Castor and Pollux, whose astrological counterpart, Gemini, begins each year on 21 May, are important figures in Estruscan and Roman mythology and appear often in Italian art over the centuries.

By Jean Marie Carey

Castor and Pollux, whose astrological counterpart, Gemini, begins each year on 21 May, are important figures in Estruscan and Roman mythology and appear often in Italian art over the centuries. Stories of the twins Castor and Pollux, or Kastor and Polydeuces, came originally from Sparta. In Homer and in Hesiod they are the twin sons of Tyndareus and Leda, and the brothers of Helen of Troy.

In Roman tales Polydeuces is represented as the son of Zeus and Leda, and is immortal. When Kastor, the mortal son of Tyndareus, is fatally wounded, Polydeuces chooses to share his immortality with his brother, so that they both spend half their time below the earth at Therapne near Sparta and the other half with the gods on Mount Olympus. As the Dioscuri became identified with the constellation Gemini, they were regarded as protectors of travelers, especially sailors.

In Roman religion the worship of Castor and Pollux was introduced with the founding of the city. Their temple at Rome was decidcated by the dictator Aulus Postumius during the battle of the Romans against the Latins at Lake Regillus in 496 BCE. The story was that they then fought at the head of the Roman army and after the battle brought the news of the victory to Rome. The twins were seen watering their horses at the Lacus Iuturnae, a fountain in the Forum, and their temple was erected on that spot, beside the shrine of Vesta. The Roman equites regarded the brothers as their particular patrons. The common oaths mecastor and edepol, based on their names, are evidence of their popularity.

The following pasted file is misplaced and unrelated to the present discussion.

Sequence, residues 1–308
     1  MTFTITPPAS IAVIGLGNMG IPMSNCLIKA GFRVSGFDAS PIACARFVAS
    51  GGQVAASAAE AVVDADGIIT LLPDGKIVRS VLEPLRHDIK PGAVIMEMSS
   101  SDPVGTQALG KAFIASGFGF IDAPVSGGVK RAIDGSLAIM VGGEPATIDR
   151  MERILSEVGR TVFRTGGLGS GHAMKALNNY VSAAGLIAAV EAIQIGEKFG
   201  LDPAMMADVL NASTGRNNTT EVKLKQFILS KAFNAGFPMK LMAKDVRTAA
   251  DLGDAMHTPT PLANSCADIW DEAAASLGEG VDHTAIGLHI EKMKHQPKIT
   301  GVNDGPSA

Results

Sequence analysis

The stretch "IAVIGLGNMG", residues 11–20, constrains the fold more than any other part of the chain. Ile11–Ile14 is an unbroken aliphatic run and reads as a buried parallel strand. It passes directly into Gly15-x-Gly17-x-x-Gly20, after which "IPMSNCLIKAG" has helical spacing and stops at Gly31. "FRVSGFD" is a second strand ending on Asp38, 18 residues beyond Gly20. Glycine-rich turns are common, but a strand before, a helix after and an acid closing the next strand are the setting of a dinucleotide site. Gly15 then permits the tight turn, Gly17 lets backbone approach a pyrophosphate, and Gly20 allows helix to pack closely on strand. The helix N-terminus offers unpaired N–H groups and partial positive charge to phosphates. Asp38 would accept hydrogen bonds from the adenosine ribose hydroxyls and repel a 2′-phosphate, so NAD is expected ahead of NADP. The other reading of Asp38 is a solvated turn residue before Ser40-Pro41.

Reference:M.C. Howatson,ed. “Dio’scūri.” In The Oxford Companion to Classical Literature. Oxford: Oxford University Press, 2011. http://www.oxfordreference.com/view/10.1093/acref/9780199548545.001.0001/acref-9780199548545-e-1058.


Etruscan inscription to the Dioskouroi as “sons of Zeus” on the bottom of an attic red-figure kylix, c. 515 BCE. The Metropolitan Museum of Art, Nr. L.2008.1.1.

Castor and Pollux, Palazzi del Campidoglio. Rome, c. 1585. Photo: Wikimedia Commons.

Pair of Roman statuettes, c. 300, depicting the Dioscuri as horsemen, with their characteristic skullcaps. The Metropolitan Museum of Art, Nr. M.1957.3.

Temple of Castor and Pollux, Forum Romanorum, Rome, ca. 7 BCE. art History Survey Collection, ArtStor.

 Intaglio of Castor and Pollux, c 300 BCE. Sapphirine, mounted gold. The John and Mable Ringling Museum of Art, Nr. SN1435.91.

Mausoleum Cenotaph Of Julii, Roman bas-relief showing the legend of the hunt for the Calydonian Boar, conducted by Meleager, with Castor and Pollux shown on horseback. First Century BCE. St. Remy, France Shmuel Magal, Sites and Photos, Nr. R150600112.


Further Reading: Jan Zahle and Siri Sande. The Temple of Castor and Pollux III: The Augustan Temple. Rome: “L’Erma” di Bretschneider, 2008. 

Henry John Walker. The Twin Horse Gods: The Dioskouroi in Mythologies of the Ancient World. London: I.B.Tauris, 2015. 

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